By Charudutta Panigrahi
Odisha always deserved a spiffy crafts museum and Kala Bhoomi is the one. Spacious and breezy, the infrastructure is smartly designed to showcase the typical Odia social infrastructure with an ‘agana’ (courtyard), tulasi chauraha (tulsi plant kept in the courtyard and revered), a baula tree or a neem tree in the middle of the courtyard and the walls coloured in mud/clay colour (light brown) with brown tiles roofing. The entire ensemble is in brown, different shades of brown. What is striking is the combination of verandas and the courtyards.
Each section of the museum opens up to a wide, spartan veranda. The stretch of the veranda mirrors the pan of the open mindedness of the Odia craftsmen. Odisha craft has unique character – subtle and yet colourful, distinct and yet inclusive. The saree motifs, the tribal metal implements, the stonework, as examples, are delicately designed. Kala Bhoomi, literally translated to Craft Land in English is unparallel in the eastern part of India and is among the top bracket in India.
Museum is not a place to horde or stash crafts. It is a crucial tour down the legacy route. It is almost like revisiting the family album. Kala Bhoomi transported me to the ‘nostalgia of last mile creativity’ in Odisha. Where all this had begun or begins. The genesis of Odia identity. A visit to Kala Bhoomi should be a permanent fixture for school students and college students, from all over the state and outside too. The management of Kala Bhoomi should use ICTs (Information & Communication Technologies) to showcase the centre in social media to reach to the younger population. I remember going to Nandan Kanan on school trips which were exciting and educative. Kala Bhoomi has a café which can cater to the crowds and make the outing interesting. The café can be a good hangout. I have not seen Kala Bhoomi during functions, but it is an ideal place to hold crafts related gigs, events, workshops, residencies, talks and soirees. Networking with the embassies of countries like France, Austria, Japan, US, UK, Indonesia, would be beneficial to the entire art community of Odisha and India.
Presentation of crafts is important than the population of crafts, is what I believe in. It is not only the number of artefacts or the collection which is important but also the way they are spread. Kala Bhoomi has used space rationally with scope for further expansion, if need be. That shows.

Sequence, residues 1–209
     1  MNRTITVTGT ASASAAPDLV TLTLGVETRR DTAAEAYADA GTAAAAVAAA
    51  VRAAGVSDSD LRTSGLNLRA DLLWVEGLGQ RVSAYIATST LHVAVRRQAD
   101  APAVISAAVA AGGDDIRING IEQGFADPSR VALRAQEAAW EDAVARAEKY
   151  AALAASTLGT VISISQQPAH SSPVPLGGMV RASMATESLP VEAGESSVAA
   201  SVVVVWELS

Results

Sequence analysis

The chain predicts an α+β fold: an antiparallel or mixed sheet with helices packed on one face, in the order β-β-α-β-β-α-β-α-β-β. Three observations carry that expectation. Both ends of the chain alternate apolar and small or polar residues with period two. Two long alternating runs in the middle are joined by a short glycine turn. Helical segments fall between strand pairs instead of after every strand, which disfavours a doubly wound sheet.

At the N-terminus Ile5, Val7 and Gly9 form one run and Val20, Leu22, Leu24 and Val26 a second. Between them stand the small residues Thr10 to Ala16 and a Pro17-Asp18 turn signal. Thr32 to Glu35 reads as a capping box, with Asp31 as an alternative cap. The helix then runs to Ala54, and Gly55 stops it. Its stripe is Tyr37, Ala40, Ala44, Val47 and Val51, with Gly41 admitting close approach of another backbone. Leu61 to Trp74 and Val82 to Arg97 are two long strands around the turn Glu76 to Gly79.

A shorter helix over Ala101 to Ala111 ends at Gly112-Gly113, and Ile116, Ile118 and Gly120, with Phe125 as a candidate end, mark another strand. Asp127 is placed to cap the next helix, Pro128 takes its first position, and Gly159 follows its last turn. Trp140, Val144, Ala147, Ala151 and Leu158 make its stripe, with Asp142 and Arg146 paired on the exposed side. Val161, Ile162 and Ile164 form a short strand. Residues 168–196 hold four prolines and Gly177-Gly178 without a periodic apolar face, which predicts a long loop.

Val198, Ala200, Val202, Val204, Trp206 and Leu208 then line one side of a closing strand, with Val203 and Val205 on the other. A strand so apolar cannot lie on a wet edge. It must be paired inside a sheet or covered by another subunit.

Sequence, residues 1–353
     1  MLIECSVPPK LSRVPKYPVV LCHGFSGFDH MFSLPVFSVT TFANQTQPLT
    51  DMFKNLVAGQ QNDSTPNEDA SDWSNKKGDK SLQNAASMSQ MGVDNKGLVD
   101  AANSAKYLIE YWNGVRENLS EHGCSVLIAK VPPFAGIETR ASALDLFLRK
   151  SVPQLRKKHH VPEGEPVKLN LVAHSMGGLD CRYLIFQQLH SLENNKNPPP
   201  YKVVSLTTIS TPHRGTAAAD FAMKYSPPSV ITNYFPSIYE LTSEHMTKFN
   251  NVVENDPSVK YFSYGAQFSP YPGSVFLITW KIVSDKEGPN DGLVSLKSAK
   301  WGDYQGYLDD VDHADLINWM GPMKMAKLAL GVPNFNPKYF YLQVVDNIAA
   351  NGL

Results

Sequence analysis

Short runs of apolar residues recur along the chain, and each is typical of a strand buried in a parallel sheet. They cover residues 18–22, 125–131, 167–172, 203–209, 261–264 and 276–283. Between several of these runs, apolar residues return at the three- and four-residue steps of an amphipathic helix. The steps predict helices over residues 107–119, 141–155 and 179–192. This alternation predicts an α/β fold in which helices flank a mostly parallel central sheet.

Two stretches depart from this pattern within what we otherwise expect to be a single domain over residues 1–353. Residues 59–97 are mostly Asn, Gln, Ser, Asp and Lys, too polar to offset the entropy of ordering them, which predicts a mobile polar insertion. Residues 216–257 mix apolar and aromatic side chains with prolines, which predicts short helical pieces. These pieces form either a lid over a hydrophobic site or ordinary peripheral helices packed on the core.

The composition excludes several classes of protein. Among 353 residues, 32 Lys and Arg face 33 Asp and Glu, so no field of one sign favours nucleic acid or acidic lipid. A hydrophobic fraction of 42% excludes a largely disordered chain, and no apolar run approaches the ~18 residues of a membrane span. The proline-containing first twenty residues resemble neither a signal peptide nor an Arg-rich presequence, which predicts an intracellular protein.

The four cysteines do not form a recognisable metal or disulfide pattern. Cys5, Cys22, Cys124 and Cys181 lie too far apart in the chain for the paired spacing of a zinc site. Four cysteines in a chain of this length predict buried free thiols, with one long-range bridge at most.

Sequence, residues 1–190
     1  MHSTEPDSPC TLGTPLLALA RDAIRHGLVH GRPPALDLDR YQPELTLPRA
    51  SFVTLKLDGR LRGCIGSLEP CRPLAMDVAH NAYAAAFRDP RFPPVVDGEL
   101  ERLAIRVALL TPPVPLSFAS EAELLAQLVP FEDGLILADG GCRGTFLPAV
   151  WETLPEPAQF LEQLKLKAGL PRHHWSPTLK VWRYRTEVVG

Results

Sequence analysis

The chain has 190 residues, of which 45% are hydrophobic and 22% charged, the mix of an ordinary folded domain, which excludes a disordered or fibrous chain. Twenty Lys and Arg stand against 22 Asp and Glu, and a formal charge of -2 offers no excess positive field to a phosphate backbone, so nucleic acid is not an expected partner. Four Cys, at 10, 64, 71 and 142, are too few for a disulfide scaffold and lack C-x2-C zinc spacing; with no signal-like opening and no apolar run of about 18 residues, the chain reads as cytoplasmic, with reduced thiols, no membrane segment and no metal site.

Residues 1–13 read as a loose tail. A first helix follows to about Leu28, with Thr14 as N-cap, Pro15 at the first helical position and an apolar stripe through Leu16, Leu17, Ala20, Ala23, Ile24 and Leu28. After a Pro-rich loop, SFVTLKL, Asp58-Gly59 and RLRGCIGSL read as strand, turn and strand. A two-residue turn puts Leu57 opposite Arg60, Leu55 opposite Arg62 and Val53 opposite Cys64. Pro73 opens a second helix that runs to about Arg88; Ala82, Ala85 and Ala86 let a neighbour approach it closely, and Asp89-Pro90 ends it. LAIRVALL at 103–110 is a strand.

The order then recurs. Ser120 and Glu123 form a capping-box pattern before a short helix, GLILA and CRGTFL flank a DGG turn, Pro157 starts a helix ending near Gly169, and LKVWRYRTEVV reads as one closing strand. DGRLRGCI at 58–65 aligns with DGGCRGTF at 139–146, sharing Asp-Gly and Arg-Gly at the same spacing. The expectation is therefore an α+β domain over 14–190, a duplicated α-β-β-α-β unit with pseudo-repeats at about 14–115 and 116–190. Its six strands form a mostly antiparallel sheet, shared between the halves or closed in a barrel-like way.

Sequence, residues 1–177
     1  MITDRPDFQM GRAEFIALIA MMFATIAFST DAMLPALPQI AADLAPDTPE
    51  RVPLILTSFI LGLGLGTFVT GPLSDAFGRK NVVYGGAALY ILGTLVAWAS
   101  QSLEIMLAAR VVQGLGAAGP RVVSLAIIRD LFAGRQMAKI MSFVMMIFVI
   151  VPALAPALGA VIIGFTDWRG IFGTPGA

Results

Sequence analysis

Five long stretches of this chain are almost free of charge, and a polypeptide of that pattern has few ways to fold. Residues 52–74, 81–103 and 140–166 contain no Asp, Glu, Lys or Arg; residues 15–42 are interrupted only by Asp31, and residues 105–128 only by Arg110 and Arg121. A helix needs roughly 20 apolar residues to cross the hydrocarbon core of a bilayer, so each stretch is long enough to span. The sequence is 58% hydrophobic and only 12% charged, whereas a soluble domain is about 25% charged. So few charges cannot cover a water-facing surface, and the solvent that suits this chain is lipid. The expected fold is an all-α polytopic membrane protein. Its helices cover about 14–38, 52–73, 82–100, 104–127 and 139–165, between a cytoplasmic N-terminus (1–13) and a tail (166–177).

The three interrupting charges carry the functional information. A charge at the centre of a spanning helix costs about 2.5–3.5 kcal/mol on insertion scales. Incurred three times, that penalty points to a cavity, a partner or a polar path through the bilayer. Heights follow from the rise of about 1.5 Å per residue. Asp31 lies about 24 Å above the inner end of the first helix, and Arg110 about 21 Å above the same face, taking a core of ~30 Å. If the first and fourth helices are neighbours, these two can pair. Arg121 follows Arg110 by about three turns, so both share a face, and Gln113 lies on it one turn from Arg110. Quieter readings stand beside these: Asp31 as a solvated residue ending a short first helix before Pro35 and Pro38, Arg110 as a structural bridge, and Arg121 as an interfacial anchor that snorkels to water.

Odisha craft has strong Regional symbiosis and the influence of South Asian motifs, hues, characters is well known and warrants detailed display and propagation. There cannot be a more appropriate platform than Kala Bhoomi to do this. Space could be dedicated to a R&D centre inside Kala Bhoomi where the students/artists could spend time researching, learning and promoting the ‘international connect’ of Odia craft. This could be a specialised residency program. This would add the contemporary global vein to Odia dexterity. Odisha needs to promote art & crafts in a rehashed style. More futuristic. Kala Bhoomi has the panache to take us back to the future. The bandwidth needs to be built. The civil society organisations of Odisha should lend hand to the management of Kala Bhoomi. In many ways Kala Bhoomi can contribute to the ‘Look East’ policy of the governments.
I am not talking about the collection and display at the centre because this would keep changing keeping in view the thematic changes, trends, the variety, the produces etc. But having such a dedicated, modern centre for art and crafts is in itself an achievement.
It is our responsibility to strengthen the centre, its outreach and its effectiveness. For the verandas of Kala Bhoomi would be the new space for Odia aesthetics to flower. Verandas open mind spaces, and verandas breed comity, the epicentre of Odisha’s soft power.
After all ‘danda pinda’, terraces and ‘baranda’ (from veranda in English) is the Odia ground zero.
The stone at Kala Bhoomi, so appropriately tells you that ‘the soul of India shines through the skilful hands of Odisha.”